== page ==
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In praise of mayors

Next week, the Localism Bill gets its second reading in the House of Commons. In all the furore about spending cuts, relatively little attention has been paid to this bill’s radical proposals for creating directly elected mayors in 12 big cities in England.

To drum up interest, Andrew Adonis has embarked on a tour of the cities that will decide in referenda in 2012 whether to have elected mayors. He is a longstanding supporter of the concept and was one of the few voices in the last Labour government to argue for a radical expansion of powerful, directly elected mayors to the big cities outside London.

After its early reforms, Labour largely gave up on promoting city mayors. Labour leaders in local government were hostile, while democratic reformers in the Cabinet, with a few honourable exceptions like Andrew, were sceptical or indifferent. Few saw city mayors as any part of the answer to the English democratic deficit. Gordon Brown thought it was a political dead-end to push something that Labour’s big players in local government wouldn’t support. And although the Labour manifesto contained some warm words about city-regional mayors, Ed Miliband’s Doncaster experience hardly endeared him to the concept of a directly elected mayoralty.

So Labour left a legacy amounting to one high-profile mayor in London and a scattering of others in boroughs, towns and cities across England, with none in the major conurbations. (There are still no directly elected mayors in Scotland, Wales or Northern Ireland.)

ippr, along with the New Local Government Network, the Centre for Cities and others, has long championed mayors. Mayors bring greater visibility, engagement and accountability to local power. They can take bigger and bolder decisions because of their unique mandates. They allow for better integration of policy across a range of services. What’s more, they are the norm in the majority of democratic countries, which should tell us something.

As the following table shows, most of England’s directly elected mayors have actually done rather well:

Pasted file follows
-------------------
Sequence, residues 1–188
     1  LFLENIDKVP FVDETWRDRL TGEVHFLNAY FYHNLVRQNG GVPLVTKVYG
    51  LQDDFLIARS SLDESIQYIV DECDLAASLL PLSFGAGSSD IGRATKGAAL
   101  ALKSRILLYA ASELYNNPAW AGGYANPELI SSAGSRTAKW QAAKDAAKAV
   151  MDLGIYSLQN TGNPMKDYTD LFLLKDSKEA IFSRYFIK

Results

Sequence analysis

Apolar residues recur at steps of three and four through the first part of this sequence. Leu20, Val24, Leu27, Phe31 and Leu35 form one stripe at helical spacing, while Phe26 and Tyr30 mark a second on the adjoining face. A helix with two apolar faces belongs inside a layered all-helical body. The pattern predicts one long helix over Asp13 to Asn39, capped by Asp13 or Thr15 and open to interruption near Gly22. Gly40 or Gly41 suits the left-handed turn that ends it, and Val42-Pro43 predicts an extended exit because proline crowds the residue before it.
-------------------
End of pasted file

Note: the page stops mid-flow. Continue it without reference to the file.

1) mayor re-elected 2005 but stood down at next election (2009)
2) first mayor resigned in office (2003), successor defeated at next election (2005) but returned at next election (2009)
3) mayor re-elected (2007) but died in office (2009)
a) CPA was first introduced to district councils in 2003
the categorisation for districts was retained (rather than star system)
c) Bedford was a district council until April 2009 (now unitary)
NB: The mayor of London not included as Greater London is a regional authority which does not directly provide services and is not subject to CPA/CAA

So the Coalition government is right to promote mayors for the big cities. However, its proposals are deficient in at least three ways:

  1. England needs mayors for city-regions, covering functional economic areas such as Greater Manchester or Merseyside, with powers akin to those of the London mayor over transport, economic development, skills and jobs, rather than mayors for existing city areas and their local authority responsibilities. The key economic regions that drive growth do not stop at existing city boundaries, particularly in the Northern metropolitan areas.
  2. Mayors need new funding powers and financial freedoms if they are really to drive change – what ippr North has called “real localism, not lipstick localism”. The great transformations in Britain’s Victorian cities came about because local leaders had the financial clout, civic pride and entrepreneurial zeal to build new municipal institutions and services. Labour’s great municipal leaders of the 20th century – from Herbert Morrison to David Blunkett – built council houses and new transport systems because they had the power and finance to do so. Twenty-first century mayors need the same powers and freedoms.